Tag: 1314楼风

  • Waitress’ Kimiko Glenn on Why a Regina Spektor Musical Needs to Happen

    first_img Related Shows Show Closed This production ended its run on Jan. 5, 2020 View Comments Waitresscenter_img Kimiko Glenn photographed at Ellen’s Stardust Diner(Photo by Caitlin McNaney) Age: 26Hometown: Phoenix, AZCurrent Role: Wallflower waitress Dawn, who finds friendship (and maybe even love) working at Joe’s Pie Diner in the Sara Bareilles musical Waitress.Stage & Screen Cred: Glenn got a big break when she landed the role of Thea in the first national tour of Spring Awakening, but she’s best known for playing Brook Soso on the Nexflix prison smash Orange is the New Black.last_img read more

  • “Africans should be proud of Asamoah Gyan” – BBC’s Isaac Fanin

    first_imgThe BBC’s African football expert, Isaac Fanin, believes Asamoah Gyan’s legacy in African football should not be tainted by his infamous penalty miss against Uruguay at the 2010 FIFA World Cup.Thursday July 2, 2020, marked ten years since the unforgettable night in Johannesburg.With renewed conversation around the game, Gyan’s status in Ghana football has come under scrutiny again.Now 35, the former Sunderland striker is Ghana’s record goalscorer with 51 goals, and Africa’s top scorer at the world cup with 6 goals.However, the penalty miss in South Africa has remained an episode his critics reference to question his status in the game.Fanin, who published an article where Ghanaian players, Hans Adu Sarpei and John Painstil, said they would never be able to forgive Suarez for the handball incident, contends that Gyan’s consistent top performances for the Black Stars over the years have cemented his legacy.“Asamoah Gyan was the main man for the Ghanaian team every time he went to the world cup and represented the country. I think his legacy is set,” Fanin told Citi Sports.“This is a really sad way for him to be remembered but even at that world cup, in the Round of 16, he scored an amazing goal against the United States.“He had a track record of coming up big for Ghana. His legacy should not be tainted by this difficult momen,” Fanin continued.“He tweeted that his family is proud of him and I think as Africans, we should be proud of him because he may have given us a difficult moment in African football history, but he also gave us amazing moments,” Fanin concluded.Background With the game heading for extra time, a goal bound short from Dominic Adiyiah was scooped out of goal by Uruguay’s Luis Suarez.The then Ajax striker was shown a red card and Ghana awarded the penalty.Asamoah Gyan stepped up, and missed, breaking Ghanaian and African hearts.The game went into extra time and then a penalty shoot out which Ghana subsequently lost.last_img read more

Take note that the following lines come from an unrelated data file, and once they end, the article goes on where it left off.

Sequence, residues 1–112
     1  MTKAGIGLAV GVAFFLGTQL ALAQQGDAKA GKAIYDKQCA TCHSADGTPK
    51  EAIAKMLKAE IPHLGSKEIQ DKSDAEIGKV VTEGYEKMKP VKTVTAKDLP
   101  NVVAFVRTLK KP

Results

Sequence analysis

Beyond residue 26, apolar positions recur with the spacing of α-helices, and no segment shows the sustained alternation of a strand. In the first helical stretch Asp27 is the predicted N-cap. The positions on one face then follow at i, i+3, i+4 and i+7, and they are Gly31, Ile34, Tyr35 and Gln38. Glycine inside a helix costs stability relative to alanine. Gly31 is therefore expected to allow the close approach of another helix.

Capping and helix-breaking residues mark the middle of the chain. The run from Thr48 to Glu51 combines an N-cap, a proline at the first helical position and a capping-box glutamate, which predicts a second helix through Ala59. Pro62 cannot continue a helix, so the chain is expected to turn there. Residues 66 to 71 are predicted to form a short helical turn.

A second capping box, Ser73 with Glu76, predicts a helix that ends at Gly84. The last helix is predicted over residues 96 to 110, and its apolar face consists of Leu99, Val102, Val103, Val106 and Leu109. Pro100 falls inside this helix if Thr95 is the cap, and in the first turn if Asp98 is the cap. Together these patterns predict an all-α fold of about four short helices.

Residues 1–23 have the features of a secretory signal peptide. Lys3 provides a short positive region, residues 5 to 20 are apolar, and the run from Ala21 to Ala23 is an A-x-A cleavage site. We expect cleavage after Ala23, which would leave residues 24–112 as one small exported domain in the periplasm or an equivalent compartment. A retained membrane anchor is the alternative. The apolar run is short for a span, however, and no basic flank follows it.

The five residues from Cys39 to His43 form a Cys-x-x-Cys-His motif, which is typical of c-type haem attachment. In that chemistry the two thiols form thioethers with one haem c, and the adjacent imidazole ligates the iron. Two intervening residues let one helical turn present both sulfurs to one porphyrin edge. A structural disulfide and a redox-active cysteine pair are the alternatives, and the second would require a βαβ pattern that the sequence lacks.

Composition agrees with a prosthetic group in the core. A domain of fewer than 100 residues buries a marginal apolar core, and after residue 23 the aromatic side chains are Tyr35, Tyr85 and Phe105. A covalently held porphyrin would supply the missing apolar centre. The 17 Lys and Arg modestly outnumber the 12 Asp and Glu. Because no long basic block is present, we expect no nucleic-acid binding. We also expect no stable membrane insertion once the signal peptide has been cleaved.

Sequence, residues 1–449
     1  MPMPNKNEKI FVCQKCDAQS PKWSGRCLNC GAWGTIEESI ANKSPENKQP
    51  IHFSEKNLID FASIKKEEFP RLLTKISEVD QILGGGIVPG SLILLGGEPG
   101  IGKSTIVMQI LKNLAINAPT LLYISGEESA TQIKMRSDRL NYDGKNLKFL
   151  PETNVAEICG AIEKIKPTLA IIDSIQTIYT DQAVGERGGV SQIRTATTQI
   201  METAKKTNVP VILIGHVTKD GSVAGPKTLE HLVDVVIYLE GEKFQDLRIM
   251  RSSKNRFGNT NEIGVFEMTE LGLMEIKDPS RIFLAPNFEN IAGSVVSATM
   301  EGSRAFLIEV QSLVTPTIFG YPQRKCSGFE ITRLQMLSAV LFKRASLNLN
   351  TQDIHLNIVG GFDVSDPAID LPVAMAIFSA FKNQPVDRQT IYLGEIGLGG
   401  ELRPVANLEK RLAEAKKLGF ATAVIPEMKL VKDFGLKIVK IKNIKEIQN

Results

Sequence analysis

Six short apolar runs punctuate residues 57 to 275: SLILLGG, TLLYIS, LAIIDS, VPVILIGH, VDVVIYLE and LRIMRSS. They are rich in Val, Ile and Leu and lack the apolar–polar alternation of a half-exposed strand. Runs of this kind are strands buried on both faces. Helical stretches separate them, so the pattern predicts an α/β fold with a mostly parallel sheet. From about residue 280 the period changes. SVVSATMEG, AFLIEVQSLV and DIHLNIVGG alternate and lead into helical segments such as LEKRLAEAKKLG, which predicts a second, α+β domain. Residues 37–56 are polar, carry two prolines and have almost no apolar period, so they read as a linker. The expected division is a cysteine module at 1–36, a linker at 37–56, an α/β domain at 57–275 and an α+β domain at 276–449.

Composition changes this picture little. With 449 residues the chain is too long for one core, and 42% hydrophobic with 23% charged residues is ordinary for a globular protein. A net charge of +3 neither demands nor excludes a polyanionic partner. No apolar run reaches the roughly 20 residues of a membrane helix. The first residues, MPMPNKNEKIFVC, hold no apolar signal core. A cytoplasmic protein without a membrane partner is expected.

• Suarez not sorry for Ghana World Cup handball